Posted on: 08/10/2021

5 ways to look after your mental health

Feeling anxious, stressed or generally unhappy?

We know it’s important to look after our mental health, but in stressful times that is far easier said than done.

Here are some basic ways you can look after your mental health in your day-to-day life.

1. Keep connections

We are stronger, happier and healthier when we connect with others. If you are feeling down, it is even more important to try and keep in contact with people. It can help you feel supported when you need it most. 

While face-to-face connection is beneficial, it is not always possible. But there are still many ways we can connect as a vital part of self-care.

Some ways to connect others:

  • Video call family or friends
  • Join an online group or class
  • Text a friend to ask how they are
  • Chat on the phone with friends or family
  • Play online games
  • Think about other ways to catch up with people if social events are cancelled. Try and reschedule social events for when restrictions ease.

If you feel in need of immediate support, we have a list of urgent support resources or call 000.

2. Get grounded

Grounding techniques, or mindfulness, can help you focus on how your body is feeling in the moment. It helps reduce feeling overwhelmed. Essentially, grounding works by distracting you from negative emotions and thoughts.

One technique is to go through your five senses, one by one, taking note of what you can hear, smell, touch, see or taste.

Once you have become more aware of how you are feeling and your surroundings, take some slow breaths and bring yourself back to the present.

“Many people find it calming to take a moment to check in with how your body is feeling by focusing on your different senses. Then you ask yourself, 'does my anxiety match the circumstances I am in?'” said Jenny Field, Windermere Mental Health and Wellbeing counsellor.

3. Go back to the basics

When there are so many unknowns, it can be helpful to focus on what we can control, rather than what we can’t.

“It’s useful to go back to basic routines when we are trying to deal with so many external changes. Routines can provide stability during times of uncertainty. It’s about doing the things that you already know work for you and your family,” says Jenny.

Some suggestions include:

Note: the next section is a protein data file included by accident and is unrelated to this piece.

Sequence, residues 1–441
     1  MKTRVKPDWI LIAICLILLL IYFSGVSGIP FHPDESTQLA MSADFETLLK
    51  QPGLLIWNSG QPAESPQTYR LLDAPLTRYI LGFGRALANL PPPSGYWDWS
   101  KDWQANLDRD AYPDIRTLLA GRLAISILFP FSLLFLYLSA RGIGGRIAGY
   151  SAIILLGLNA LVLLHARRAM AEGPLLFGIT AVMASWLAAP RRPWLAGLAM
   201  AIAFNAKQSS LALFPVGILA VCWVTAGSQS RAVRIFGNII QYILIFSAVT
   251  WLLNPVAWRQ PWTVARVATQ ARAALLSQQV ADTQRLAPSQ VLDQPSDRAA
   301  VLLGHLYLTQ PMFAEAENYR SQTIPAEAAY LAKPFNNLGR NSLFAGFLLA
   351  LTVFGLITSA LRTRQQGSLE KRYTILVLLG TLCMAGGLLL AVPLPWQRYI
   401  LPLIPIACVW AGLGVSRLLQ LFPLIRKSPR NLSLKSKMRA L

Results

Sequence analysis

• Walking the dog or other pet care activities
  • Keeping a journal
  • Stick to regular sleeping, waking and eating patterns
  • Doing an outdoor activity
  • Creating time to explore interests and hobbies (music, talking to friends, reading, gardening, etc.)
  • Allocating times for chores/learning/work
  • Build in time for regular movement (like stretching in the morning)
  • Allocating times to listen to or watch the news or check social media. It can be overwhelming to be faced with bad news all the time.

4. Consider your children

Children will generally be aware of things that are causing concern amongst adults and may also worry.

It can be useful to:

  • Talk to children about what they see happening around them
  • Ask them if they have any questions or worries
  • Be mindful about how much ‘bad news’ your children are overhearing (news reports, family discussions)
  • It is best to focus on the facts and keep explanations simple, especially for young children. 
  • Children often fear for loved ones. Reassure them that we can look after each other.

5. Acknowledge past trauma and difficulties

Certain events, locations or situations can be a reminder of the past and especially distressing. 

If your current circumstance is causing distress due to past trauma, it can be helpful to think of the differences between now and then. For example, you are in a safe place and in control of the decisions you make in your own home.

Useful resources

The below organisations provide useful mental health resources. You can also contact them if you have a concern or need urgent assistance. 

In an emergency, call 000

24-hour Telephone Crisis Support, phone 13 11 14

24 hour family violence response service for women and children.
Phone 1800 015 188

Beyond Blue
24/7 trained counsellors.

1800 Respect
Sexual assault, domestic and family violence counselling, information and referrals. 24/7 Counselling.
Phone 1800 512 348

Black Dog Institute
Resources for understanding and supporting mental health.

Kids Helpline
Help and support for children and young people 24/7.
Phone 1800 55 1800

Windermere Child & Family Services
Windermere offers confidential counselling services for families and individuals experiencing sexual assault and family violence.
Phone 1300 946 337